Speed Reading: Facts And Fantasy
Ever wonder about speed reading? Can people really learn to read and absorb 800 words per minute or a 1,000 or more? If you look at the evidence in terms of studies that have been done and even the biology of the eye, the answer is a resounding no.
My brothers and I all took an Evelyn Woods speed reading class a long time ago. We were never able to read as fast as they promised. I think I vaguely assumed it was because I didn’t practice enough. Was I right?
Let’s start by asking at what speeds people normally read. There’s been a decent amount of research on this, specifically by The University of Massachusetts Amherst professor Dr. Keith Rayner. He showed that the vast majority of people read at 200-400 words per minute (wpm). Many speed reading claims are far above that. 800 to 1,000 are common. The well-known but never-really-seen Evelyn Woods can purportedly read over 6,000 wpm. That famous Guinness Book once listed Howard Berg as the fastest reader claiming 25,000 wpm.
So, Is this even remotely possible?
Studies that have been done say no. They essentially show that reading comprehension takes a deep dive once anyone attempts to go over the typical human range of 200-400. The stand-out researcher in this area seems to be Dr. Ronald Carver, author of The Causes of High and Low Reading Achievement. He not only studies readers but specifically speed readers, the methods they employ and their effectiveness. In his most famous study, he collected the fastest readers. These were people that have to read copiously for their jobs as well as those that have scored the highest on speed reading tests. From this already extraordinary group he culled the cream of the crop, the best of the best and had them compete against each other. Researchers discovered that as these readers crested 600 words per minute, comprehension invariably dove below 75%. Carver concluded:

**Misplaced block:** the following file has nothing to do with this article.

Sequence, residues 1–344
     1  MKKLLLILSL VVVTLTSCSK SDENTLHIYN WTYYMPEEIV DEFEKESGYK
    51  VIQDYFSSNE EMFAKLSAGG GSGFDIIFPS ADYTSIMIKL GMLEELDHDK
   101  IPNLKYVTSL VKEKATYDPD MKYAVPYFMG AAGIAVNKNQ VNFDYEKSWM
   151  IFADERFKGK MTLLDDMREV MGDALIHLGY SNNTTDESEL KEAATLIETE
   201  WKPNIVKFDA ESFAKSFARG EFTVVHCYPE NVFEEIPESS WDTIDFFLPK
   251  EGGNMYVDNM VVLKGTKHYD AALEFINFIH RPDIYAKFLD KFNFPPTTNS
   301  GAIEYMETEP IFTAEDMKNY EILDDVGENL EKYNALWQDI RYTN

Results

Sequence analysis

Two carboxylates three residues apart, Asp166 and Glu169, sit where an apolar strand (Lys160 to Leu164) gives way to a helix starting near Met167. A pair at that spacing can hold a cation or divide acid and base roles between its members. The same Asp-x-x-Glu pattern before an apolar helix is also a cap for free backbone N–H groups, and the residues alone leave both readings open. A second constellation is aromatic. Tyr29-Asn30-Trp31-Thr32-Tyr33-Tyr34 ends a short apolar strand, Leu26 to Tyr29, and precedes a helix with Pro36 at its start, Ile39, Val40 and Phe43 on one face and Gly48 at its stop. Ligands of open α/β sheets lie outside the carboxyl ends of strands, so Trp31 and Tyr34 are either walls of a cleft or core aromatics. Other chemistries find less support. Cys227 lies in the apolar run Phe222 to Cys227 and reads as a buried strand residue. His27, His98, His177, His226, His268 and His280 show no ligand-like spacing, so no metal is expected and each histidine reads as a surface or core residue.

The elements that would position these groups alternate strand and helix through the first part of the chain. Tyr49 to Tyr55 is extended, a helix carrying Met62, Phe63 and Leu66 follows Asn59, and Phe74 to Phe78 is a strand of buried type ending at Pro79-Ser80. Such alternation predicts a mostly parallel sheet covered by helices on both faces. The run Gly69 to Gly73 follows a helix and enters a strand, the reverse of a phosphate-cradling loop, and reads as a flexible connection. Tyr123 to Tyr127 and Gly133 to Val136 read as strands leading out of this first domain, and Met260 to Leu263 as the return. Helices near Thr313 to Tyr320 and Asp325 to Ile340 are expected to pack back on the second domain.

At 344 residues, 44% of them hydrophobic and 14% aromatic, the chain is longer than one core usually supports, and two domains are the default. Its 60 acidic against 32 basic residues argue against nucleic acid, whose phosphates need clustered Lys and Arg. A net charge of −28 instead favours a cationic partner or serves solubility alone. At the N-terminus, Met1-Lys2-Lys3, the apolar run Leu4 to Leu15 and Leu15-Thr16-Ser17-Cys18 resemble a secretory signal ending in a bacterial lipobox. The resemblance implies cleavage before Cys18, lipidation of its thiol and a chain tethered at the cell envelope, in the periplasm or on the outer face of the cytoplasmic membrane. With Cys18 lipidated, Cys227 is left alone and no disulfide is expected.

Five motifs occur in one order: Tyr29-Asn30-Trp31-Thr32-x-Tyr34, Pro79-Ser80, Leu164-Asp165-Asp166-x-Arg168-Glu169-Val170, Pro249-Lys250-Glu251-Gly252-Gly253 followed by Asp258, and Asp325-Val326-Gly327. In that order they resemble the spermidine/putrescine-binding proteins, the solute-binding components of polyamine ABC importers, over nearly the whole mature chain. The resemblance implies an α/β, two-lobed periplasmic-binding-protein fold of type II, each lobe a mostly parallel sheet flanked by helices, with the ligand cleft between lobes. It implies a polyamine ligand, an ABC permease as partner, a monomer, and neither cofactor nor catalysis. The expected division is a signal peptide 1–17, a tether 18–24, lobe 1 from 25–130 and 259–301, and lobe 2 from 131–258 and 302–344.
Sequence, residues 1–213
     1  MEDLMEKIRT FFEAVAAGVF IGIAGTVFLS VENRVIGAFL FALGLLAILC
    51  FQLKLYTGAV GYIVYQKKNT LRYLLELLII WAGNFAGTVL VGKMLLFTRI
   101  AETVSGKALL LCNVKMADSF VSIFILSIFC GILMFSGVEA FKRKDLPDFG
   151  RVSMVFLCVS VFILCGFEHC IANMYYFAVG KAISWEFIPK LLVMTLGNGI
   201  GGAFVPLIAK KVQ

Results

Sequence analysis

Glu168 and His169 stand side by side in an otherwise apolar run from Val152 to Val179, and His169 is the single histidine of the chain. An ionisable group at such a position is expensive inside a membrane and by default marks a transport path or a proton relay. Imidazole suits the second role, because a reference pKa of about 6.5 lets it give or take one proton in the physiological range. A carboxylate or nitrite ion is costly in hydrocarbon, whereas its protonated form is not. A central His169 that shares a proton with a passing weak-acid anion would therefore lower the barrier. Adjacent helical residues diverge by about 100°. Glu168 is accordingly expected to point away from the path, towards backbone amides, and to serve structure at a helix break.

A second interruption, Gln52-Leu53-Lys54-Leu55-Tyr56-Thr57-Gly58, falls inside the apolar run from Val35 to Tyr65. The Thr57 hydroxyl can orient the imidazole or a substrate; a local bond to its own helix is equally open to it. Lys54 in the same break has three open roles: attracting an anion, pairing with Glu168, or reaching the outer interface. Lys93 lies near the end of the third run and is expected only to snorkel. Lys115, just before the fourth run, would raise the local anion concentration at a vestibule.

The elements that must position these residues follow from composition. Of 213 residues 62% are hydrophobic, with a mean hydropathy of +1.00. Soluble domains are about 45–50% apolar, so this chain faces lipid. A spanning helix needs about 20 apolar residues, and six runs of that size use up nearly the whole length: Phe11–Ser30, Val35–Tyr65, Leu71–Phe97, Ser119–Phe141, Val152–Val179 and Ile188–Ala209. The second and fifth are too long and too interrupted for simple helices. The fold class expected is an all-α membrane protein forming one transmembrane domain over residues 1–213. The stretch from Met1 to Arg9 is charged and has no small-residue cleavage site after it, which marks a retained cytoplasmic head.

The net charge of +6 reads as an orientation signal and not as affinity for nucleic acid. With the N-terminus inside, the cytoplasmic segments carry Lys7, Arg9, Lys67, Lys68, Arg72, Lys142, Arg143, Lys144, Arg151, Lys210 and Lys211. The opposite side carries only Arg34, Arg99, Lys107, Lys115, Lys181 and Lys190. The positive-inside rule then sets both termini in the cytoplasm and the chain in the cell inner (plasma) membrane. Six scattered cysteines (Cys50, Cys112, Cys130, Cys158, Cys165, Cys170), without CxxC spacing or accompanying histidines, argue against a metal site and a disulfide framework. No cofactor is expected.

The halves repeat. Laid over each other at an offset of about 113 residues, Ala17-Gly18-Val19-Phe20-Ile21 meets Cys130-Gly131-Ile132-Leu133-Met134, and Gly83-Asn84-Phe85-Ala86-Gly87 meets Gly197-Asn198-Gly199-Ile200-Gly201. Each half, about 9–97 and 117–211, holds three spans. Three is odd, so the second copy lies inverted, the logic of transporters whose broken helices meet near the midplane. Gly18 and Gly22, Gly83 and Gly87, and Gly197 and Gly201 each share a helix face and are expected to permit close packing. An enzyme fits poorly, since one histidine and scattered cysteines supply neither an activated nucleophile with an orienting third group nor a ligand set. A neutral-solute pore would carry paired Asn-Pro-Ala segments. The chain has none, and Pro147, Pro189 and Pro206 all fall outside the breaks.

“Very few people can read faster than 400 words per minute, and any gain would likely come with an unacceptable loss of comprehension.”
If actual experiments don’t dash all your hopes then consider what biology itself has to say about the prospect of speed reading.
Reading is a 3-step process; fixate, saccade, and process. You fixate on a specific word or two, then you saccade or jump to the next word. You do this a few times and then you process what you’ve seen so you understand it. To get around this, speed readers often suggest fixating on many words or even multiple lines at once instead of just a word or two. The problem is that to be read, the images of words need to land on the fovea of our retina and it is very tiny. Move an image off it just a little bit and it’s blurry. In fact, research has shown that people can generally see only 18 letters clearly at a time (3 or 4 words) and training could not improve that number.
One of the techniques often cited by speed reading teachers involves removing sub-vocalizations. This is the act of saying each word in your mind as you read them. These are essentially like speed bumps to reading; slowing us down perhaps more than anything else. It makes superficial sense then that if you just permanently remove these sub-vocalizations then reading speed would go all turbo. This is true but unfortunately……it looks like this can’t be done. In fact, many researchers think that sub-vocalizations are an inextricable part of reading. Even the fastest readers who claim to no longer do this still do. This has been shown with electromagnetic sensors which detect signs of nerve signals sent to the throat and lips trying to coax our muscles to read aloud the words we see. Even those researchers who claim to have temporarily removed detectable silent reading through negative feedback believe that comprehension suffers.
So is this hopeless? Not entirely. There are savants who can read almost preternaturally fast. Many thousands of words per minute according to some estimates. The problem is though…they’re savants. Their brains are wired differently. They may read fast but they also have profound disabilities. That’s not really an option even if we could rewire your brain.
Your best hope might be to actually capitalize on sub-vocalizations. Words we know well are quickly sub-vocalized while difficult words take longer which invariably slows you down. Very fast readers have been shown to spend less time sub-vocalizing than average readers. To fix that you need to…guess what?…read a lot and always looks up words. The bigger your vocabulary and the more familiar you are with words, the faster you will read (though don’t expect much more than 400 wpm).
Another option is to just normally read the opening lines of each paragraph you’re interested in. They often give the big idea of the entire paragraph.
Other than those ideas you can always skim. This can be helpful depending on the context of your reading. Your comprehension will take a hit but sometimes all you need is the gist of what you’re reading. To learn to skim knowing full well that your understanding will suffer I recommend……a speed reading class.